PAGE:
I learnt with my own son that rewards don't work as if you are naughty - good - reward but good - good rarely gets a reward. Children soon learn which behaviour gets the most rewards.

 

I think I would be really cross if my own children were given sweets at nursery.

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A 7 year old with ADHD comes to me on school transport from a PRU. She often has lollipops, orange & lime tic-tacs or other highly coloured sugary sweets in her hand (or worse, half eaten sweets!)

 

It drives me MAD :o

 

I have a "no-sweets" policy because of allergies, additives etc yet a PRU, of all settings, deems this acceptable!!!! I'm then the "bad guy" when I take them from her and say she can have them back at hometime when it's up to her Grandad, who picks her up, whether she can eat them or not.

 

Nona

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sorry, but this nursery nurse is living in the past.....................evry far int he past, at that! I would absolutely not have this in my setting,under any circumstances. Praise is enough,or a thankyou, but definately NOT sweets. I wonder if she's got a bit of a 'need' for the children to like her over other staff??? whatever her reasoning, i'd say it needs to stop, fast!

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Guest jenpercy

regular rewards do not work anyway. We occasionally reward with sweets. This is aimed at the older children, but only for exceptional good behaviour. most often it is for walking back from school well, if we feel the standard needs to be raised- say once a term or so.

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I had this issue when my now 14 year old was in nursery, in a school with many different cultures including many children from practicing Hindi or Muslim families - I had topoint out to the nursery teacher that giving gelatine sweets not only wasn't appropriate for my vegetarian son or nephew, but potentially offensive to some families! (they changed the sweets at the time, nott he practice, but it seems to have now gone.)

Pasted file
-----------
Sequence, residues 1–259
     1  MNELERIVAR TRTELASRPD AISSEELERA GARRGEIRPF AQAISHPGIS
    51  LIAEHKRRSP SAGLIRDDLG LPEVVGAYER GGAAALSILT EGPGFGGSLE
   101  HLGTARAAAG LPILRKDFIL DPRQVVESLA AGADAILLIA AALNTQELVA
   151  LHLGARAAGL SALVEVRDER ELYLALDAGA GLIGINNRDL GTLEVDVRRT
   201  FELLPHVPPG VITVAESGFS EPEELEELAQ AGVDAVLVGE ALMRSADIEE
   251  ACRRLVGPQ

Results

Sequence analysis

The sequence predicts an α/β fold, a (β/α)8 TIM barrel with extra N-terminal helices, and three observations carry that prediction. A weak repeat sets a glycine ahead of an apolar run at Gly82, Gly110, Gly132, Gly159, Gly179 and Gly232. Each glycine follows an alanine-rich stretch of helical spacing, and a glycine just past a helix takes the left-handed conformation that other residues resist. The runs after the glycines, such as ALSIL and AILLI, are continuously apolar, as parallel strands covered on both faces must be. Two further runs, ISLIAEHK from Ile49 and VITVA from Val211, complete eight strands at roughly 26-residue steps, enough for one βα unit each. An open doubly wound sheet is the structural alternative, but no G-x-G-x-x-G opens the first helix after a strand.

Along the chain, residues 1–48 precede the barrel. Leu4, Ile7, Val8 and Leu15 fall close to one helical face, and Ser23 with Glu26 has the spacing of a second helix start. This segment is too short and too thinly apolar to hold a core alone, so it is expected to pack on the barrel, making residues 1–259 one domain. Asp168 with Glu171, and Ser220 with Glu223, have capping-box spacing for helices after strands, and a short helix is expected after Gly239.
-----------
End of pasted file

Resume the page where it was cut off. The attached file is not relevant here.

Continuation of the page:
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regular rewards do not work anyway. We occasionally reward with sweets. This is aimed at the older children, but only for exceptional good behaviour. most often it is for walking back from school well, if we feel the standard needs to be raised- say once a term or so.

Oh dear. If 'exceptional good behaviour' is walking back from school well, I'd hate to think what it is like for the staff when the children are having an off day!

 

Maz

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Guest jenpercy
Oh dear. If 'exceptional good behaviour' is walking back from school well, I'd hate to think what it is like for the staff when the children are having an off day!

 

Maz

 

Whoops that came out wrong. There should have been an OR for some area we want to concentrate on, such as walking back well.

 

I have to say that even the "toughest" 11 year old seems to appreciate the occasional sweet as a motivator - and I haven't found anything else to work as well as food for this age group

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Thanks for all of your thoughts guys. I shall use some of the above info when speaking to my nn. As some of you have mentioned, it is bad that no one has picked up on it before now, but this particular lady can be very aggressive and even the head won't reprimand her. I'll give it my best shot though.

 

MuckyDuck

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Hiya,

 

Just wanted to give an update. I mentioned to my head that I wanted to discuss this issue with my nn (as well as the fact that she will eat cakes and choc at the snack table in front of the children having fruit and healthy things!) and my heads reply was "I know she is a nightmare, isn't she?" Argh- BRICK WALL! She verified that my nn should not be doing this but actually appeared to use the nn's 20 years experience as justification for her behavior and that she is stuck in a rut. I was offered no help.

 

When I spoke to my nn she said that no one else has ever complained, and that I am making mountains out a molehill. She sees no problem in rewarding them with a sweet, even when it goes against our policy. RE eating choc in front of the children, she is hungry and I cannot tell her what she can and can't eat. The brick wall is back. :o

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Gosh! That's a shocker. I don't quite know what to say - if the head teacher can't be relied upon to ensure procedure and policy is followed, who can? What do other people on the team think?

 

Maz

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Can you go to the governors about it? I'm not very knowledgeable on how schools are run right at the top, but isn't the head answerable to them in some way? Failing that is there someone in the LA you can contact about this? The only way to fight it might be to stir things up a bit! Do you know what the parents' opinions are on their children being given sweets or the fact that healthy eating rules are being broken by the nn?